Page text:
It all started when I began reminiscing about the TV shows and stars of my youth.
Saturday morning cartoons with Gene London, or the wonderfully cheesy Sunday morning classic, Larry Ferrari, at his Hammond organ. But the shining star of them all was one important cowgirl, Sally Starr, a kids TV cultural icon of the early 1960s. These memories coincided with the start of frequent driving tours of South Jersey and my re-discovery of the rodeo at Cowtown.
It was most definitely a Philadelphia area thing, but Sally Starr´s TV show was on Channel 6 at 4pm Monday to Friday. “Sally Starr’s Popeye Theater” provided a full 30 minutes of happy. There were Popeye cartoons and The Three Stooges. She’d wear fringe, shiny silver stars, a cowgirl hat and boots, as well as guns and holsters. She was blonde and beautiful, and her nickname throughout the Delaware Valley was “Our Gal Sal”. Her signature catchphrase was “Love, Luck and Lollipops”. We really don’t have enough of any of those things anymore.
When her show was cancelled in 1971 it drew the largest mail protest in the channel’s history. We got to meet Sally Starr in 2005. It was a surprise for my mother’s birthday. Sally Starr had a pizzeria back then. That was before it burned down. We went and sat and talked with her for a while. She was quite old but she arrived dressed in her cowgirl outfit. The first thing she did was invite both me and my sister to sit on her lap. It was a highlight of my life. Sally Starr died at the age of 90 in 2013, but her memory will forever live on.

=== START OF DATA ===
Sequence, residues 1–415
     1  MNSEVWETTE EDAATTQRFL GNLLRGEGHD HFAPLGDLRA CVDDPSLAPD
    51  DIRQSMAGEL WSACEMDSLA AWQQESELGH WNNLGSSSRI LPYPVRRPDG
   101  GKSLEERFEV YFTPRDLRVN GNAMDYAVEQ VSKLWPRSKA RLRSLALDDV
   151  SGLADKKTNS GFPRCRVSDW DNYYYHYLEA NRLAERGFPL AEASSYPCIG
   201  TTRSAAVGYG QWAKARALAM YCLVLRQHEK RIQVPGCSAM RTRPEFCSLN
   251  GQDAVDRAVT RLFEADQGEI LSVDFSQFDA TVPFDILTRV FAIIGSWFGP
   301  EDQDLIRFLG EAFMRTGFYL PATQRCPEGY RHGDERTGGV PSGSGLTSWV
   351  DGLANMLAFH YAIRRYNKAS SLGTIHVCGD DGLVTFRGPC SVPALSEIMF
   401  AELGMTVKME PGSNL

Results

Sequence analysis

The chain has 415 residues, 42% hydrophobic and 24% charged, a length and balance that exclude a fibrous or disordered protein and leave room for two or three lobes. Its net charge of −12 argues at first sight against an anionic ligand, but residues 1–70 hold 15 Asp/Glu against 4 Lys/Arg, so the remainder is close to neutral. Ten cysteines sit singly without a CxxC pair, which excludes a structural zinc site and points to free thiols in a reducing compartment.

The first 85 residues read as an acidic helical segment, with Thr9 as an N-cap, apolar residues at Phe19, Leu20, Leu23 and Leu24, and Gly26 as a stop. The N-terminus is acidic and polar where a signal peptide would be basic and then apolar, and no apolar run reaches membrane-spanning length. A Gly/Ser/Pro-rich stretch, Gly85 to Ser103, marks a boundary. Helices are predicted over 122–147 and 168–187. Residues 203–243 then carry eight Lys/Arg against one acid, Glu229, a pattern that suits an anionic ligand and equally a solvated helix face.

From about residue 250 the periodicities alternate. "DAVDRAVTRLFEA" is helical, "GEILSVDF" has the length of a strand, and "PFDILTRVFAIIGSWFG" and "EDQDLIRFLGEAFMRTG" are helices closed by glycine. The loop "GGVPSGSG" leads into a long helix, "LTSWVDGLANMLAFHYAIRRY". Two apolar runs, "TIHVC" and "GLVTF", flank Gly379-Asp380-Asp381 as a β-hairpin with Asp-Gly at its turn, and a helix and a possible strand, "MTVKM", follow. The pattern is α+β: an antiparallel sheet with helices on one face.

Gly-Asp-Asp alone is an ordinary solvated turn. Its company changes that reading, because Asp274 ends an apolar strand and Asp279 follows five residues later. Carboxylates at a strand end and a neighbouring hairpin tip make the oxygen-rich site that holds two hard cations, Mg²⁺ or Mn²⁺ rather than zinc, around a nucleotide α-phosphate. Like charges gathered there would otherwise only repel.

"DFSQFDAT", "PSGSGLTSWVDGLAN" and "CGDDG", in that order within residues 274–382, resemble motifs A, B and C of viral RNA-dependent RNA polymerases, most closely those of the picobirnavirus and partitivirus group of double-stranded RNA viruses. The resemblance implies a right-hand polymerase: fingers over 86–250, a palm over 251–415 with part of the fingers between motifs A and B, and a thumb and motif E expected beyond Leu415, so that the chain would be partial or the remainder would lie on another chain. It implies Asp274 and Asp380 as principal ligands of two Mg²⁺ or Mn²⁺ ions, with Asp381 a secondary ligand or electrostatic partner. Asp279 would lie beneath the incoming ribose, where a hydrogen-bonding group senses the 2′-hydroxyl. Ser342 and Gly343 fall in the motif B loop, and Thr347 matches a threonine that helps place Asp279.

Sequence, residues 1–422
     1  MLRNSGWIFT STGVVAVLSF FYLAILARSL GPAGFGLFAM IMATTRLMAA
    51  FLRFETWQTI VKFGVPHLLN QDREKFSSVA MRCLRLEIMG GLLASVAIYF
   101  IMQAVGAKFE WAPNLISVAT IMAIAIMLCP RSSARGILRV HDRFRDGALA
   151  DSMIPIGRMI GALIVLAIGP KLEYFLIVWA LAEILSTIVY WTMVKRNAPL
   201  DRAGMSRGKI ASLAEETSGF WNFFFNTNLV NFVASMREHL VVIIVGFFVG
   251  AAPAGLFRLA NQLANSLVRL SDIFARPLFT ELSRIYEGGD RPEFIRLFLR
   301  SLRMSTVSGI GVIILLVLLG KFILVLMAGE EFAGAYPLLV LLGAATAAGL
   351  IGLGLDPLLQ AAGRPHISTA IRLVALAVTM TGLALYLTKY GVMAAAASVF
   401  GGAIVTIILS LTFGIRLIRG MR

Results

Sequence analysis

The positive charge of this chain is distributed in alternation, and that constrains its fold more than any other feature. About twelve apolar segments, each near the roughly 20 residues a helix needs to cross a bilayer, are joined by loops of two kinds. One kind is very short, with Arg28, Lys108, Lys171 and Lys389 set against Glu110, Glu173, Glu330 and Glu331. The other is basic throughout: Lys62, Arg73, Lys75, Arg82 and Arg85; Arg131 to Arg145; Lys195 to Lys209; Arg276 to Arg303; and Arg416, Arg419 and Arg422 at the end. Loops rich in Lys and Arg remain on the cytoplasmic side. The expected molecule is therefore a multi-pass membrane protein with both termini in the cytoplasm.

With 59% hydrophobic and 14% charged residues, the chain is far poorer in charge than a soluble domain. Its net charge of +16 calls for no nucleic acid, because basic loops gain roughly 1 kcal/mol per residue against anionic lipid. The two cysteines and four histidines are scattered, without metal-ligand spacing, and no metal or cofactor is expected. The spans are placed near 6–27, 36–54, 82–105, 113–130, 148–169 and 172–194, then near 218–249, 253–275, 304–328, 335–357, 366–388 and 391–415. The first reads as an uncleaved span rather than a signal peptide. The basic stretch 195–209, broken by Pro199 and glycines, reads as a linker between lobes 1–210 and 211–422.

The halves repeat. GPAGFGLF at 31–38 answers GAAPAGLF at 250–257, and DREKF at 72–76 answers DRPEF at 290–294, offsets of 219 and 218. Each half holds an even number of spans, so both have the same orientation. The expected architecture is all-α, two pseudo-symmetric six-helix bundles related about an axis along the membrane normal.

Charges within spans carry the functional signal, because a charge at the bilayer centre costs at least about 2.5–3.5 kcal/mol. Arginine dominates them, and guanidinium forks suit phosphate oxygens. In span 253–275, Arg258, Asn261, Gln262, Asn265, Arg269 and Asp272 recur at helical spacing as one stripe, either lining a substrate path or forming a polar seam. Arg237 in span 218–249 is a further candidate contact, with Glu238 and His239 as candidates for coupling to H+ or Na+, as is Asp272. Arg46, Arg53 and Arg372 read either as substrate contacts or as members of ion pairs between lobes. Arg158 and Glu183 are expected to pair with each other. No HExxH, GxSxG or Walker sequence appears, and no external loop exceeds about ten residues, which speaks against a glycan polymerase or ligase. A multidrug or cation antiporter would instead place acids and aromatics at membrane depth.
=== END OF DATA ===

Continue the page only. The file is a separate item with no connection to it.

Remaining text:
After that encounter with Sally, I really began reconnecting with my inner cowgirl. I revisited a place that was stuck deep in my memory: Cowtown Rodeo, in Pilesgrove, NJ. I hadn’t been there since I was very small. Originally established in 1929, the rodeo at Cowtown is the oldest weekly rodeo in the United States, and yes, it’s in New Jersey. Today it is still run by fourth generation family members, Howard Grant Harris and his wife Betsy.
Both of them were kind enough to grant me access to the event over a period of many years. I really got started shooting there in 2007. I got to know the riders and the inner workings of the rodeos.
It’s very challenging to shoot a rodeo, but I have a few special spots. Most of the pros there use ladders to shoot over the fence. I have had a lot of practice and the pro photographers there are super helpful.
On a Saturday night in summer, I’d be climbing on top of the chutes for my shots. I also found a few special places around the rodeo arena, where I more than once came eye to eye with a bull. That’s how I became a (wannabe) cowgirl rodeo photographer.
American Rodeo, an exhibition of photographs by Janet Greco, 2007-2011, opens on Sunday, 9th October, at Or Verd Barcelona. 158 Diputació, Barcelona.
View the full set here on Saatchi Art where you can also buy the limited edition prints online.
The work from this exhibition was also featured in the London Design Festival event, East Meets West, organized by the London digital storytelling collective, Sojournposse.